Discover Oristano

What to eat in Oristano

Varied and rich and diverse delicacies, Oristano’s traditional cuisine, bound to both farming traditions and to the sea, is a true explosion of flavors and fragrances expressing all the might of the history and culture of Mediterranean populations, which over the course of millennia and over generations, have allowed Sardinian culinary tradition to be enriched with many contaminations.

Oristano puts on the table ancient recipes with modern interpretations, as well as dishes which stayed unchanged in time, tasting of sea, earth and freshwater, with those flavors telling us of their distant origins.

The breeding of sheep and fine cattle breeds such as the Sardo-Modicana, a slow food presidium, is the creator of ancient recipes with the scent of myrtle and wild herbs.

Cereal cultivation has given bread key importance in nutrition, both for its qualities as a food and for its ritual significance, as with pasta.

The sea and the large pond in which Oristano is tightly located gift local tables with timeless delicacies, such as the Bottarga di Muggine, originated from Cabras and famous worldwide.

And the sea breeze contributes into giving Oristano’s wine their peculiar minerality that makes them stand out.

Food tells of the territory of Oristano in all of its many historical peculiarities, with the experience of sitting at the table being equivalent to travelling in time, through the quality of products, their traditional preparation, and the unique taste of these dishes.


Dishes of land

The main first course of the cuisine of Oristano are the Malloreddus alla Campidanese, Sardinian gnocchi made with durum wheat semolina and water, seasoned with sausage sauce and sprinkled with Sardinian pecorino.

Cheese is also the protagonist of the square-shaped Ravioli from Oristano, offered in different variations: with ricotta and spinach, with fresh cheese or with potatoes and saffron.

From the peasant tradition come the second courses based on red ox meat prepared roasted on a spit, boiled and embellished with wild herbs. Another popular dish is the sheep roast, but also the hen with myrtle, cooked with fragrant sprigs of myrtle, and the Su Ghisau, a stew with various types of meat.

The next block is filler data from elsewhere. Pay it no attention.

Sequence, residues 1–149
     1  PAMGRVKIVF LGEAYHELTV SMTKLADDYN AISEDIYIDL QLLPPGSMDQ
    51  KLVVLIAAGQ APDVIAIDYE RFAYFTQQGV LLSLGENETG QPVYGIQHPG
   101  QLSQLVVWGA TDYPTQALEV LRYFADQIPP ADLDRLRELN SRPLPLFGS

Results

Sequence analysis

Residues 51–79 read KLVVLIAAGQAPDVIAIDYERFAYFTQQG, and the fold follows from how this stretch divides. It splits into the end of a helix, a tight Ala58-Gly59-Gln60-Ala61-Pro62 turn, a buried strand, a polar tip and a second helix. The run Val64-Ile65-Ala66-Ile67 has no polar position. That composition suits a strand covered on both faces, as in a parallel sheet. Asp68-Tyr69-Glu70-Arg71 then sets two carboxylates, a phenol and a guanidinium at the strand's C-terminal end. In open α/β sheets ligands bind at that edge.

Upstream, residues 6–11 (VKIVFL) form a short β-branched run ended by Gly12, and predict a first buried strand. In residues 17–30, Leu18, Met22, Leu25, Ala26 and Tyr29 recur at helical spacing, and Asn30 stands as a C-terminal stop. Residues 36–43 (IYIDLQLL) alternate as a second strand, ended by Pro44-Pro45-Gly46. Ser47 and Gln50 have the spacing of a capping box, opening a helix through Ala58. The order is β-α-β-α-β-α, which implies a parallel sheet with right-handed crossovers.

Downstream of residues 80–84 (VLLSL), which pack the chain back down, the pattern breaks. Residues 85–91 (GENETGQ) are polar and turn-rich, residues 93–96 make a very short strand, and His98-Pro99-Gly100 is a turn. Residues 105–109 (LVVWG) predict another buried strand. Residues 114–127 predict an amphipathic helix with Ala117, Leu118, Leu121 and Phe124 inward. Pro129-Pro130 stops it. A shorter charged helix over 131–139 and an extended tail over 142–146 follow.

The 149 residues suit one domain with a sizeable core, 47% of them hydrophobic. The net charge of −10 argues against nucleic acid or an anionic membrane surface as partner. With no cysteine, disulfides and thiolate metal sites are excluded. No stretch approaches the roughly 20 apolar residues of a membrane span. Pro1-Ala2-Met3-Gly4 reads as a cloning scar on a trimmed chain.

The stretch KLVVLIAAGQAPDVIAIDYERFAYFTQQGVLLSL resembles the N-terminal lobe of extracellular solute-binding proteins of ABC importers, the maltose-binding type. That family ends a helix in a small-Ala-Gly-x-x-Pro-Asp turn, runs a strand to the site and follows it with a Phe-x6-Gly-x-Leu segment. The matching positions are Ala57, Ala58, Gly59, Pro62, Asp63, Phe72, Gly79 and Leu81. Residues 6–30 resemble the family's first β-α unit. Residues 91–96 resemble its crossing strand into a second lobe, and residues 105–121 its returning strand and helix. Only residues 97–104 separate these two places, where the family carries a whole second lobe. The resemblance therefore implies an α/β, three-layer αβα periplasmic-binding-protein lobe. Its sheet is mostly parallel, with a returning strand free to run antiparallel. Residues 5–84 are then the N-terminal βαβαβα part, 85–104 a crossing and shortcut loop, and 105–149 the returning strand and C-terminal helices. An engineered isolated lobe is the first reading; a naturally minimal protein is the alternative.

Dishes of sea

Mullet is a fish that is never absent on the tables of Oristano, and one you should definitely taste during a visit to the city, from its more classic roast cooking, to the original fried dish or the lighter stew recipe.

And from the salted and dried eggs of the mullet comes the Bottarga di Cabras, the queen of traditional local cuisine. Grated over the Fregola with Mussels and Arselle, a typical Sardinian pasta closely similar to couscous, the bottarga, with its sweet flavor and creamy texture, is an inimitable delicacy among all of our sea product.

Eels also find space among the typical dishes of Oristano, cooked on the grill and seasoned with bay leaves, or stewed, flavored with white wine and tomato.


The bread

Bread in Sardinia is not only a food with an exceptional nutritional value, given by durum wheat semolina, but it is a real ritual, one that has always marked the life of all Sardinians. As a matter of fact, it is used in ceremonies, such as births, funerals, baptisms, weddings, really in any religious and civil occasion.

Among so many different types of bread in Oristano, produced for centuries in traditional wood-fired ovens, the ones that stand out the most are Su Civraxiu, the daily bread that accompanies meals prepared with mother yeast, and Su Coccoi, hard bread shaped like a snail or a artichoke. It was the bread for the holidays, consumed on anniversaries and finely decorated, and today it can be found easily, with its crunchy crust and soft and compact crumb.


The sweets

Among Oristano’s desserts, an honorable mention goes to the Mostaccioli di Oristano, a typical diamond-shaped dessert, prepared with a lemon and cinnamon-scented paste and glazed with a brush of cooked sugar, excellent to be enjoyed with a glass of Vernaccia. Another one of Oristano’s traditional desserts is the Capigliettes, delicious puff pastry boats filled with soft almond paste, decorated with fantasy motifs.

The Zippole, thin coils of fried dough sprinkled with sugar, are another traditional local recipe typical of the Carnival period.

The taste and history of fresh cheese is contained within the Seadas, flavored with lemon and honey, then wrapped in pasta violada, which is a thin layer of semolina and lard. This gives life to one of the most popular sweets in Sardinia.



In Oristano, viticulture occupies a prestigious position among the territory’s agricultural activities, and the wines produced are known for a quality which comes from the sea. The very same main ingredient of the Vernaccia di Oristano, a historic grape variety in Sardinia, the first one certified with a Denomination of Certified Origin (DOC) in Sardinia, a great white wine both by itself as an aperitif and combined with fish, with an amber yellow color and an aftertaste of almonds. It is also perfect for accompanying almond-based desserts.

The hinterland of Oristano is the production area of numerous other fine DOC wines, such as the Monica di Sardegna, the Arborea, the Mandrolisai and the Sardegna Semidano, all of them produced through the preservation of traditional techniques and experimentation with innovative methods.